African history: At some point in the second millennium BC, Libyan leaders would raid Egypt. After the authority of the Pharaohs fell in the 11th century B.C., Libyan conscripts in the Egyptian armed forces set up the Libyan Dynasty in Egypt around 950 B.C.
This was when the Libyan Dynasty was in place in Egypt. The bloodline lasted for two centuries, after which Egypt went through more chaos and was taken over by the Kushites.
They built a city called Cyrene in Cyrenaica, which became known for its literary culture and its school systems of philosophy and medicine, among other things. Until about the end of the 6th century, the Greeks still ruled there. The Persians took over Egypt and Cyrenaica at that time. Persia was wiped out by Aristotle in 330 BC, then Egypt and Cyrenaica went to the Ptolemies, who were from Greece.
When the Phoenicians from Tyre (Lebanon) came to Tunisia about 800 B.C., they set up a sea trade colony called Carthage. It was near the present-day city of Tunis. By the 5th century, Carthage was now the center of a significant trade empire on the coasts as well as islands of both the north and the northern Mediterranean. In places, like Sicily, the Greek colonies were even bigger than Carthage.
They had trading ports all along the coast of Africa from Tunisia to Morocco, as well as their ships sailed through the Straits of Gibraltar but also down the Atlantic coast in search of business.
They also went to Britain, for which they traded in from the Cornish mining sites for goods like food and clothes. They built homes here on the west African shoreline in Senegal and Guinea. They furthermore took part in the cross-Saharan trade, which is when people buy and sell things.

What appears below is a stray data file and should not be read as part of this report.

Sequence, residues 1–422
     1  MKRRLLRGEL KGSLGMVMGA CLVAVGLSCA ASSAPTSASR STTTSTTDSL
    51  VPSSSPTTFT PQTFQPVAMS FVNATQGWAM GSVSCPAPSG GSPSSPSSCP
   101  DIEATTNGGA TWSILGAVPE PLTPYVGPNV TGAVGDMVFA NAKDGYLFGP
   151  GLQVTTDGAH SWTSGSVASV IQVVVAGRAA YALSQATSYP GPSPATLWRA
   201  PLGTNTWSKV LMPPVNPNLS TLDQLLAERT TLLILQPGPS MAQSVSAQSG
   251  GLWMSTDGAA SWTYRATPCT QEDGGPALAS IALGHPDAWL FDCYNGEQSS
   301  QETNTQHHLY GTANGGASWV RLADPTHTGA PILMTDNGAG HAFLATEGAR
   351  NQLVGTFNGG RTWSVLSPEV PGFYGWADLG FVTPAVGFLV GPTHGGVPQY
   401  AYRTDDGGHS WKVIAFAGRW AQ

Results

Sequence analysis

Rome, which had taken over from the Greek colonies in the central Aegean by the 3rd century B.C., was Carthage’s main rival then. Carthage was a republic that was run by an elite who was chosen because of their wealth, but Rome was becoming more powerful.
Arabs Live In North Africa
African history: Sooner in the 7th century, the armies of Semitic Arabs quickly took over the whole of the Middle East. In 642, they took Egypt. After they moved from Syria to the bottom of North Africa, they changed the Berbers as they went. By the turn of the era, the Arab civilization had spread to Morocco, which is in Morocco today.
The conversion was mostly peaceful, with the Berbers easily accepting Islam. About the only group of people who didn’t convert was the Jewish community, which had lived in East Africa for a long time and was well-liked by the Arabs.
In addition, some people tried to stop the Arabs from coming into the country. Byzantine resistance led to the complete and total destruction of Carthage; farther and farther Britain, in Algeria, there was even a lot of Berber resistance. Even though the Berbers were Muslims, there was a long period of lawlessness and war.
They moved on to Spain from Morocco, where the Arab armies were bolstered by the Berbers but also led either by Berber Tariq. Between 710 and 720, they took over most of the country.